American sanctions and European sovereignty
‘We Europeans cannot accept that a foreign power – even our closest friend and ally – makes decisions over our legitimate trade with another country. This is a basic element of sovereignty…’ (Federica Mogherini)1
The decision by the United States to withdraw from the “Joint Comprehensive Plan of Action” and re-impose sanctions on Iran broke an international understanding, sanctioned by a UN Security Council Resolution. However, European and other non-US companies dealing with Iran must abide by US law in order to avoid its extraterritorial effects on their US operations. Efforts are being made to help the EU keep its “sovereignty” on sanction issues when there is disagreement with the US, but until now these have not accomplished much.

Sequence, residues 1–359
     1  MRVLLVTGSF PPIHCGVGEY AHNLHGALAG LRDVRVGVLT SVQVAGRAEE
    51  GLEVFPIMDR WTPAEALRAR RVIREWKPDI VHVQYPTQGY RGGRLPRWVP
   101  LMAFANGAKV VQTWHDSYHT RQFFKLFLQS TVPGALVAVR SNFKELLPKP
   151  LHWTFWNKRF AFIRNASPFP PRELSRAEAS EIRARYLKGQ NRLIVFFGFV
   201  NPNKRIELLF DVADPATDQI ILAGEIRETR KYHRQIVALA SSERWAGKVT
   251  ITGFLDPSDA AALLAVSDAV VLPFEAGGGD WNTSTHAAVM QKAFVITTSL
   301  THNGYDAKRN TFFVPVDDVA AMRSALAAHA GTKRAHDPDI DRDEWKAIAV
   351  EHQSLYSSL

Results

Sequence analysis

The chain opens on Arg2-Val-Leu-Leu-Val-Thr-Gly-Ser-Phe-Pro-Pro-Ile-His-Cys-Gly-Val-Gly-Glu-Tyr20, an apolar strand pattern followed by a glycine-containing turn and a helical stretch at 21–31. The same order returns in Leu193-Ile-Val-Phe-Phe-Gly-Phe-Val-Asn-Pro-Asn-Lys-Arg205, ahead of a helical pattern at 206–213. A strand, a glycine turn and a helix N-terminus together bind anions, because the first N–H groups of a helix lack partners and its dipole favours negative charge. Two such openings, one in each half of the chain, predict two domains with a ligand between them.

Therefore a new Instrument in Support of Trade Exchanges (INSTEX) was launched at the end of January to ensure the continuation of some trade with Iran. But the only convincing way to allow the EU to increase its autonomy is to boost the role of the Euro in international transactions. Certainly, in today’s unpredictable world, we need more than ever to address the issue of the extraterritorial application of American sanctions – today it is Iran, what if tomorrow it is China?
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